Ryszard Kapuscinski: a great writer but a lousy journalist
Last night I discussed the work of the famous Polish journalist Ryszard Kapuscinski with his biographer, Artur Domoslawski on the Radio 3 programme Night Waves.
Kapuscinski’s books on the fall of dictators, including The Emperor, which is about Haile Selassie , and Shah of Shahs about Iran are regarded by many as classics. The writing has an amazing power to evoke place and time.
I remember loving The Emperor when I read it in the early 1980s, soon after visiting Ethiopia for the first time. The stories of he told of the disintegration of the royal court were compelling, extraordinary, incredible.
When I wrote a book about Colonel Gaddafi last year, I found myself frequently thinking of Kapuscinski and his technique of accumulating detail, highlighting the absurd excesses of dictatorship and talking to the powerless. I have no doubt his style and method influenced me.
But there any ‘homage’ must end, because while Kapuscinski may have been a great writer, he was a lousy journalist.
His writing was most effectively dissected in 2001 in a piece in the Times Literary Supplement by the anthropologist and writer John Ryle.
He pointed out that the archaic language Kapuscinski puts in the mouths of Haile Selassie’s former courtiers bears no relationship to the way they would have spoken. It was a literary device. He amalgamated and probably even invented characters.
The new biography catalogues numerous examples of the great man pretending to have been in places where he couldn’t possibly have been, claiming to have met people he never met – Che Guevara, for example – and generally committing the ultimate journalistic crime of making things up.
Domoslawski’s explanation is that The Emperor is in fact not about Ethiopia but an allegory about Poland. Well, tell that to the Ethiopians. This pseudo history of their country has become the standard account for many aficionados of literary non-fiction.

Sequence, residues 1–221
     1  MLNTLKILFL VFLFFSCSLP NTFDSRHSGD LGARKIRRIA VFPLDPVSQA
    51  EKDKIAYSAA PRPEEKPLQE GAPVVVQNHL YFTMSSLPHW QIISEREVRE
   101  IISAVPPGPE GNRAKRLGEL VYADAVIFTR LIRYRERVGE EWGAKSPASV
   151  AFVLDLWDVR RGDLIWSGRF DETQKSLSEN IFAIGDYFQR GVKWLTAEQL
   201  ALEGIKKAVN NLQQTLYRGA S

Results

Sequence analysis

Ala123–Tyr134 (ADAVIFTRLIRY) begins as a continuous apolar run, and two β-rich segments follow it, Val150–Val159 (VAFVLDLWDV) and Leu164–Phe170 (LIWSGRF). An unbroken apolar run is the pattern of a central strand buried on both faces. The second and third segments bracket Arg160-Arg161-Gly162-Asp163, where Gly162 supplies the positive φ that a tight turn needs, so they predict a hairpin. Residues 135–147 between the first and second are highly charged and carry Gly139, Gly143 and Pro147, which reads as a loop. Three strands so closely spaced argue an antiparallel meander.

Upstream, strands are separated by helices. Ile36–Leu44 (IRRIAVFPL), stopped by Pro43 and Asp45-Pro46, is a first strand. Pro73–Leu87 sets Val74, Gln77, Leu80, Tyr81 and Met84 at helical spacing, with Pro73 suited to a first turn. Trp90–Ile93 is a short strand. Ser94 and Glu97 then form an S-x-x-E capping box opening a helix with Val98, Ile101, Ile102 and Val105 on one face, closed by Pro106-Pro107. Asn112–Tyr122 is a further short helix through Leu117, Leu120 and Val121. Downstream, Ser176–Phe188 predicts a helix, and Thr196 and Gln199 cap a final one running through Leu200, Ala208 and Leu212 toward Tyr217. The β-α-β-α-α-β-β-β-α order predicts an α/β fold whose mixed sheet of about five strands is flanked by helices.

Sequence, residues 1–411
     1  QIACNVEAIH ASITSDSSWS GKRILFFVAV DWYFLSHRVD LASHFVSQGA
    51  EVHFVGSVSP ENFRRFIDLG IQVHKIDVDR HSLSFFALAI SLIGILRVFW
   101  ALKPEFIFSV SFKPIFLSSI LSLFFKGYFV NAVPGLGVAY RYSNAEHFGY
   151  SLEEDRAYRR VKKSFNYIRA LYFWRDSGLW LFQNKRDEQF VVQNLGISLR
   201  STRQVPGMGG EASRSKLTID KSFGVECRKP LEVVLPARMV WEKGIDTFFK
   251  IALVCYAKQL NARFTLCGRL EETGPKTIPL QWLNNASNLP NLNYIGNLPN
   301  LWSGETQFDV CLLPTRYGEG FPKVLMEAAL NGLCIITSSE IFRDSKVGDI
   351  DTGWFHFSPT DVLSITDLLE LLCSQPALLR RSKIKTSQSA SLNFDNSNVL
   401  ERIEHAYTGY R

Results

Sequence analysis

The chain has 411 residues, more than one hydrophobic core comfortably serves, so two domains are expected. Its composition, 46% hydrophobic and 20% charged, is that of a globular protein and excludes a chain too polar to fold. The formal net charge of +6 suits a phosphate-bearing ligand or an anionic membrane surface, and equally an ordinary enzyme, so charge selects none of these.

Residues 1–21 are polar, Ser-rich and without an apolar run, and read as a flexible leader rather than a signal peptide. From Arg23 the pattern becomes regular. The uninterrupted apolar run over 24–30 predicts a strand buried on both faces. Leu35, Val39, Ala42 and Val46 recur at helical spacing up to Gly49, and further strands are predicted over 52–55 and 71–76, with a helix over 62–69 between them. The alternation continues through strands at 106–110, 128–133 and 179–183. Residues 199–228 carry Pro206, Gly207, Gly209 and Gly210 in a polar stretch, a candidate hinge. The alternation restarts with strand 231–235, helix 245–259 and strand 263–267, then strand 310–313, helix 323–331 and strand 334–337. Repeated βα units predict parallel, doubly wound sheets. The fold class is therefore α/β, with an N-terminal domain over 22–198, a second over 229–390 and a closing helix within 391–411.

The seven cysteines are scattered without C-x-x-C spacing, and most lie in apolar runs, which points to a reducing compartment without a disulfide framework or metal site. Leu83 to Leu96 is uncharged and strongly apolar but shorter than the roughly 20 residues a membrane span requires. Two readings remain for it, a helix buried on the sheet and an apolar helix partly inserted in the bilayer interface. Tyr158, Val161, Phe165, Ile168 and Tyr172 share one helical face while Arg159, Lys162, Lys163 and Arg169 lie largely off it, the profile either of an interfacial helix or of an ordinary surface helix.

Ah well, say his defenders, Kapuscinski survives as a great cutural interpreter. The Kenyan writer Binyawanga Wainaina disagrees, describing him as a racist who makes gross generalisations about Africa and Africans.
“Let us remember that fear of revenge is deeply rooted in the African mentality,” wrote Kapuscinski in one of his later works. Other generalisations are oddly specific, but equally untrue. “Africans eat only once a day, in the evening.”
Where does it leave those of us who loved Kapuscinski’s writing? “He lied and his readers should know,” said one of my journalist friends. “But as I look back at his books with all his beautiful sentences and amazing perceptions, and how they inspired me to be a reporter in Africa, I forgive him.”
I cannot be so forgiving. Reading the biography I concluded that he was a compulsive liar, a man who told serial untruths to his wife, his readers and probably to himself. Without being precious about it, I believe that my first duty as a journalist is to be honest about what I have witnessed and heard.
Julian Barnes has written about “producing grand, beautiful, well-ordered lies that tell more truth than any assemblage of facts,” but he was describing the superiority of fiction over journalism. Kapuscinski’s work can be catagorised as allegory, novel, fantasy, or magic realism, but he cannot anymore be a role model for aspiring journalists.
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